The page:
A new bill introduced in Washington would allocate $1.3 billion in funding for autism research and initiatives, as well as addressing the needs of autistic children who are "aging out" of current programs.

Thomas Lohnes, Getty Images

The Autism CARES (Collaboration, Accountability, Research, Education, and Support) Act of 2014, authored by Rep. Chris Smith (R-NJ), would distribute the money over a five-year period.

The legislation would require a report from the Secretary of Health and Human Services on best practices for transitioning adolescents. That report will be supplemented by another one with input from state and local governments, and also instructors from the private sector and non-profits.

The Centers for Disease Control and Prevention found a continued increase in autism rates, as 1 in every 68 American children born this year will have autism spectrum disorder. New Jersey leads the country with 1 in every 45 children having ASD.

Bobbie Gallagher, a mother of two highly autistic boys from Brick who first brought attention to the state's high rate 17 years ago, said addressing the issue of "aging out" is vital.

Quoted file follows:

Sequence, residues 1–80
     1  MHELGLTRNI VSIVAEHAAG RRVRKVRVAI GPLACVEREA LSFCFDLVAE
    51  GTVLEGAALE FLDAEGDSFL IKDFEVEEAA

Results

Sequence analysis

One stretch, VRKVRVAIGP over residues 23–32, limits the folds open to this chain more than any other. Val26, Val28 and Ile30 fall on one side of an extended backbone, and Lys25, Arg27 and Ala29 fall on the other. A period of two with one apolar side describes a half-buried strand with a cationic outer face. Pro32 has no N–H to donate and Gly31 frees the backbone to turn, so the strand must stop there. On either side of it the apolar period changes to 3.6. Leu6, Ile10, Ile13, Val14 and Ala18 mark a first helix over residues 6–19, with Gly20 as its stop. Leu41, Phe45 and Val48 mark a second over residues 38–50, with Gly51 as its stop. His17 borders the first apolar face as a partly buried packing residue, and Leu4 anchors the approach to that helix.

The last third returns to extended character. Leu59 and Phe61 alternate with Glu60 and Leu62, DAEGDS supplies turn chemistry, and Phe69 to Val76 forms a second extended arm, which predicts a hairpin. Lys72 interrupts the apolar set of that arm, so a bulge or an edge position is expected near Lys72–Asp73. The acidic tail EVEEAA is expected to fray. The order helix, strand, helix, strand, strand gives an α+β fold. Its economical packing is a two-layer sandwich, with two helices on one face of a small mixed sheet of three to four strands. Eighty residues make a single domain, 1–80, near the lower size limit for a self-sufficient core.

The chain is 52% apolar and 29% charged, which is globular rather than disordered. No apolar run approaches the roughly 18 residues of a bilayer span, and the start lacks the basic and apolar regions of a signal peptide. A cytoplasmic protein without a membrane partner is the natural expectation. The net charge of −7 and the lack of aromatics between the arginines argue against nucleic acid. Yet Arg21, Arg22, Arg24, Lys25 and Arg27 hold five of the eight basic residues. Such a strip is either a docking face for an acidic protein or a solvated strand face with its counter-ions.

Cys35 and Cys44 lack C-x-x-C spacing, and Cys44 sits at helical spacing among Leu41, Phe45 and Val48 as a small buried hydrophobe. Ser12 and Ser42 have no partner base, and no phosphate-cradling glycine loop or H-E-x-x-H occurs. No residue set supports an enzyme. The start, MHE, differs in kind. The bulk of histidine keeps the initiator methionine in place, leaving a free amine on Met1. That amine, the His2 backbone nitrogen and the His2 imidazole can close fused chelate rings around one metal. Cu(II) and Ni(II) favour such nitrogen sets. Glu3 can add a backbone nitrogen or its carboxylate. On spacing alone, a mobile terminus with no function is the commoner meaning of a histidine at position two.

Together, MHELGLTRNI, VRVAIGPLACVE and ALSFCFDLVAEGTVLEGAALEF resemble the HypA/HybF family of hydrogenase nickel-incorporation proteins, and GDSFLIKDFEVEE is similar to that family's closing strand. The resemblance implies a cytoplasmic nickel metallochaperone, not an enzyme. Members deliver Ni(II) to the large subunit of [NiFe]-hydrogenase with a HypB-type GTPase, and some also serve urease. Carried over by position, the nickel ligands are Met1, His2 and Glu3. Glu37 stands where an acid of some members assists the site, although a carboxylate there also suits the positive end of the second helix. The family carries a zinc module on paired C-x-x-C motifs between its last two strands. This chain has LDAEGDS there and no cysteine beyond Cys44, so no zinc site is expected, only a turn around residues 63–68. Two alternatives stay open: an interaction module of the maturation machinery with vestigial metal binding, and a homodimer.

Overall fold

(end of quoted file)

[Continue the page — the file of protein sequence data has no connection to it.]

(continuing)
"(My sons) are not going to go to college and they're not going to be employed in the traditional sense," she said.

Gallagher said that while in the public school system, her sons received attention from highly qualified teachers and aides who helped them progress. However, those same high standards aren't there in adult programs, causing many autistic individuals' development to regress.

"It hinders their ability to be out in the community, and if you can't be out in the community, then you're not going to be out having a job either," she said. "Their world starts getting smaller instead of larger as they become adults, and that's a concern."